In August, Duke decided it would to leave the spot where a statue of Robert E. Lee once stood in front of Duke Chapel empty. A year before, protesters toppled the Durham Confederate Monument, which stood in front of the Durham County Administration Building on East Main Street.
One alumnus who signed the letter, Kirsten Delegard—M.A. '94, Ph.D. ‘99 and now director of the Mapping Prejudice Project at the University of Minnesota—said she thinks America is at a crucial point in reckoning with its past.
Some might argue that Carr’s contributions to Duke’s growth need to be recognized, but Delegard pushed back on the notion that Carr’s history had to be recognized on a building.
“He can be recognized, but he doesn’t have to have his name on the building that houses the history department,” Delegard said. “It matters who we honor.”
That’s why the alumni recommended Gavins’ name grace the building at 1356 Campus Drive.
The letter notes Gavins was a "key architect" of some of the history department's most important work. That included oral history projects, the Center for Documentary Studies and the Behind the Veil project, which all charted the black experience in North Carolina.
“He was a giant in the field of history,” Delegard said. “He changed the field of history and our understanding of race in this country. I can’t think anyone better to honor.”
The letter says that Gavins’ greatest legacy at Duke was that he “refuted the legacy and narrative of white supremacy.”
Waldo Martin Jr., Trinity '73, signed the letter and said Gavins inspired him to become a historian after he took what he said was the first African-American history class at Duke in 1970. Martin said that the the first half of the class—the part taught by Gavins—covered black history from African origins to the Civil War.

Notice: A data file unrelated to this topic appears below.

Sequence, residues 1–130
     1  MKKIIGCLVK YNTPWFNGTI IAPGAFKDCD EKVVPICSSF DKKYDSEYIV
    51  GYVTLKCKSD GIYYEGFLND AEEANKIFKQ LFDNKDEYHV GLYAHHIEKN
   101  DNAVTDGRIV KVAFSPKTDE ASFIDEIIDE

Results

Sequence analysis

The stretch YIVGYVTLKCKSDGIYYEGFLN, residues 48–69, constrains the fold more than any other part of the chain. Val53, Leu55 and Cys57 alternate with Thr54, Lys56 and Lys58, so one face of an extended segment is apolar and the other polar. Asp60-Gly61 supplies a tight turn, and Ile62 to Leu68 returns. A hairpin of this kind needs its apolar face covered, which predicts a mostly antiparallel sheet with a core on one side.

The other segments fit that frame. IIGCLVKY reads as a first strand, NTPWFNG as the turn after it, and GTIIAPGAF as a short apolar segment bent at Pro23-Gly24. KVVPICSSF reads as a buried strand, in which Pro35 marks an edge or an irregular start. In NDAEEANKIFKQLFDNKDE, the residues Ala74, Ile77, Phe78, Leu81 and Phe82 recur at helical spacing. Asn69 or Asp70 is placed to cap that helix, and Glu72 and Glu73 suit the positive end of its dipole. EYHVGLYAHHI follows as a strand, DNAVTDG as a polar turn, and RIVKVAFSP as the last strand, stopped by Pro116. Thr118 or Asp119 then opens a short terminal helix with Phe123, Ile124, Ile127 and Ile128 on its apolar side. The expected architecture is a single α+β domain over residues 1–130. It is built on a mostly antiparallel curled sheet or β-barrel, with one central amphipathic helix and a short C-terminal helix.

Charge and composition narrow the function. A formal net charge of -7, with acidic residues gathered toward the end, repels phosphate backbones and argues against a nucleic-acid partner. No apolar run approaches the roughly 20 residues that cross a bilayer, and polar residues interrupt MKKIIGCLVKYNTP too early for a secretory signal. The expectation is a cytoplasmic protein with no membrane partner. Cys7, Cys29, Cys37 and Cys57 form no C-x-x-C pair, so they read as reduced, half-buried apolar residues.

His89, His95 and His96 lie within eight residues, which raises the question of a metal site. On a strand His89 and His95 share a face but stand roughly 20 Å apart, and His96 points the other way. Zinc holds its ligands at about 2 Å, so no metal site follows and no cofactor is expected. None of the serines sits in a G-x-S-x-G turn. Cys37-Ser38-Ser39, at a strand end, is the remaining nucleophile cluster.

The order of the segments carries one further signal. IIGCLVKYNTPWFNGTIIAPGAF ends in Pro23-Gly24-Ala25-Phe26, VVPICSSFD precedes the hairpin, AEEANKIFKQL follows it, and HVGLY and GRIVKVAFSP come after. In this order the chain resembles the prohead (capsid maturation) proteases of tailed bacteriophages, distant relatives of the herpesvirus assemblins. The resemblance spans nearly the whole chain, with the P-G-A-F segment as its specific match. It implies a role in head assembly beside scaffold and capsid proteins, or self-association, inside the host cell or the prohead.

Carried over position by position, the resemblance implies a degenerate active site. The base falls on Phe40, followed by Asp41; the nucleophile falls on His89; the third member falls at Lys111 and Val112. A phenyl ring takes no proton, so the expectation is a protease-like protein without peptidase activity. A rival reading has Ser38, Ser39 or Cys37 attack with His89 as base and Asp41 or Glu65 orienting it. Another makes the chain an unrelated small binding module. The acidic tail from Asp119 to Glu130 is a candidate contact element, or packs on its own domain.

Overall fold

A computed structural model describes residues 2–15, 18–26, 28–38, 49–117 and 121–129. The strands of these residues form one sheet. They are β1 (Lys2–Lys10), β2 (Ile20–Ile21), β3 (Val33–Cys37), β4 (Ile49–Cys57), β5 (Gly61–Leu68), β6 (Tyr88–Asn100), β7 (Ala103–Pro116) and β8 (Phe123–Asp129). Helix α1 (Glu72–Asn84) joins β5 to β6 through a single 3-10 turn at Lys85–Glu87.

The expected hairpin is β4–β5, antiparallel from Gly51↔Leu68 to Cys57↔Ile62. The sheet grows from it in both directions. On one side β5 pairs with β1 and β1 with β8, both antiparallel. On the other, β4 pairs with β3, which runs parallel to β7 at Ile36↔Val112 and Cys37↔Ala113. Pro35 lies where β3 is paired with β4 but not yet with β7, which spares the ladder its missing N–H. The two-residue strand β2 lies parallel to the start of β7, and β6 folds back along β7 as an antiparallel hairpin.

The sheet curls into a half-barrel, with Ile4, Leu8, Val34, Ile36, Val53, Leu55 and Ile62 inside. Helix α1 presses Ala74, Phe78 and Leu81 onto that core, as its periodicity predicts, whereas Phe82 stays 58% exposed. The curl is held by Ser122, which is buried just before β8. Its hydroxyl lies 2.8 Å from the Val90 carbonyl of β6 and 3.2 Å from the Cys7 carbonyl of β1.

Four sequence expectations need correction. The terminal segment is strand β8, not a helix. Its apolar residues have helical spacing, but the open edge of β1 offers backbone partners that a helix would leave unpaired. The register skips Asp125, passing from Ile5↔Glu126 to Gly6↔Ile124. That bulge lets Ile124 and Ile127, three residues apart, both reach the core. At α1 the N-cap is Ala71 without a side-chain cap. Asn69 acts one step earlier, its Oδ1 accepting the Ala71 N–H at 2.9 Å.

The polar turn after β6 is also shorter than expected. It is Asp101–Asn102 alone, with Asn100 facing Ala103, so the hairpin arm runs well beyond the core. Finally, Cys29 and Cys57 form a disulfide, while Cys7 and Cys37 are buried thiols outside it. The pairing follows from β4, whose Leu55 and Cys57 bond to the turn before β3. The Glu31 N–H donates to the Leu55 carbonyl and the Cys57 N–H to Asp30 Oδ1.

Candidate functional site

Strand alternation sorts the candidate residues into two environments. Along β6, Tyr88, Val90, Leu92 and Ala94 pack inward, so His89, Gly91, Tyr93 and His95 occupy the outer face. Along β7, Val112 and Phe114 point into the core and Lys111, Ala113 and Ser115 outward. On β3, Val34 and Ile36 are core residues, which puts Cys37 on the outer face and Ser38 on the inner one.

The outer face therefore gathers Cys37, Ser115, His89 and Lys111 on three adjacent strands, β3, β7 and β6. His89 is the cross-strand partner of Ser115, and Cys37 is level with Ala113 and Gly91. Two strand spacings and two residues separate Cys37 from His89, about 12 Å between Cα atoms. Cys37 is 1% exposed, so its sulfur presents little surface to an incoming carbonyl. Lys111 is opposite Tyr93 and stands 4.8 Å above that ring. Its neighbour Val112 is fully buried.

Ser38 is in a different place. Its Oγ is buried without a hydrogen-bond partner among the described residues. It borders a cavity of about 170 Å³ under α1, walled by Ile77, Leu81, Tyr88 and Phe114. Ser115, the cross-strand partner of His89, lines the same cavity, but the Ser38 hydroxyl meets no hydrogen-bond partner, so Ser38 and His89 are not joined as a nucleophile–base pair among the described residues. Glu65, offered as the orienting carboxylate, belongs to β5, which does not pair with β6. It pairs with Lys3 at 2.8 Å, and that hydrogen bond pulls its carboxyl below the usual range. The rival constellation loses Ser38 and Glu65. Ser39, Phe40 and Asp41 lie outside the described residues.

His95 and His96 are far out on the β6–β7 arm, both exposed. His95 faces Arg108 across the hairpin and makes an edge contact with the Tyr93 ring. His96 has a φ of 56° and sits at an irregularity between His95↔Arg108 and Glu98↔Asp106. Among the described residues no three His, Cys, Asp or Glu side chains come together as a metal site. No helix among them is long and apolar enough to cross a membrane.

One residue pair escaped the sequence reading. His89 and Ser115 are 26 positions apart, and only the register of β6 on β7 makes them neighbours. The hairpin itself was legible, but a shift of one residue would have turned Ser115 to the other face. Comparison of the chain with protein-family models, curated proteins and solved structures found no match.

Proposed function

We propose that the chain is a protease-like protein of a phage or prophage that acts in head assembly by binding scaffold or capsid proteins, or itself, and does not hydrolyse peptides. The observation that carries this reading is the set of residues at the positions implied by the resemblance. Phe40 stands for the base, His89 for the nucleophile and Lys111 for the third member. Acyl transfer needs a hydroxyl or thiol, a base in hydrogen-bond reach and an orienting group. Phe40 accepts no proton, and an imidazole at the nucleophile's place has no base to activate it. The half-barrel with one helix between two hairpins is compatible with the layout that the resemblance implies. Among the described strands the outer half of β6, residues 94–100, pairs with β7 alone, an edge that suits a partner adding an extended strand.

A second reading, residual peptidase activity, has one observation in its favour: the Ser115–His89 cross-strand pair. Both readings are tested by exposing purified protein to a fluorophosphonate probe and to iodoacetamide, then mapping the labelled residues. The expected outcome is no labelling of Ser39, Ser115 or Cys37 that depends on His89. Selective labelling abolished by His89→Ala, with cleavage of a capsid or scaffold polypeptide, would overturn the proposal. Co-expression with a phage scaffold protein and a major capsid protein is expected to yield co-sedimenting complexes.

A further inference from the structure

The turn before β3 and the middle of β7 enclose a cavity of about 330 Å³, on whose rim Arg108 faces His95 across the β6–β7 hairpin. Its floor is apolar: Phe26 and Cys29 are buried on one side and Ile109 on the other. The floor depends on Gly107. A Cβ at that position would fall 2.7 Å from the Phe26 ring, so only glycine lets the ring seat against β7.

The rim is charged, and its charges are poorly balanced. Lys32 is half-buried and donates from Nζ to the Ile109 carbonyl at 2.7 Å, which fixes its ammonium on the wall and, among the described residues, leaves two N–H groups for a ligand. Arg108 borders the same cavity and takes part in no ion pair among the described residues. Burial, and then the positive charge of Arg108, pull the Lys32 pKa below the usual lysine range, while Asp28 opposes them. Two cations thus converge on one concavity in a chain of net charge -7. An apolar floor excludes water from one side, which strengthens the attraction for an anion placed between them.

Martin said that many of those in the class were those that agitated for the class.
“It was an epiphany,” said Martin, now the Alexander F. and May T. Morrison professor of history at the University of California, Berkeley.
Martin, who came from a historically black high school, said he found a place at a school that was “very, very white” at the time.
“I saw myself in this class,” Martin said. “You look for yourself, and you don’t see yourself a lot.”
Gavins was a “brilliant” professor who gave thoughtful lectures and was student-friendly, Martin said, but also knew how to push students.
“He knew how to provide firm, piercing criticism with a gentle hand,” Martin said.
After Duke, Martin earned his Ph.D. at UC Berkeley and came to be friends with Gavins. A native of Greensboro, N.C., Martin would come home several times a year and visited Gavins whenever he returned. Gavins was a real “people person,” Martin said, and grew up working class. Gavins would befriend everyone and was deeply invested in the local community, Martin said.
A “regular person in a regular community” who did “great things,” Martin would be encouraged if Gavins’ name graced what is now the Carr Building.
“It would make me feel much better about the institution,” Martin said. “It needs to do the right thing, especially about black people and people of color.”
The letter also argues that changing the name to honor Gavins would be a step in the right direction.
“Renaming the Carr Building affirms history as the pursuit of truth about the past, in order to better understand the past and therefore build a better present and future, guided by role models like Dr. Raymond Gavins,” the letter reads.
Read the full letter below.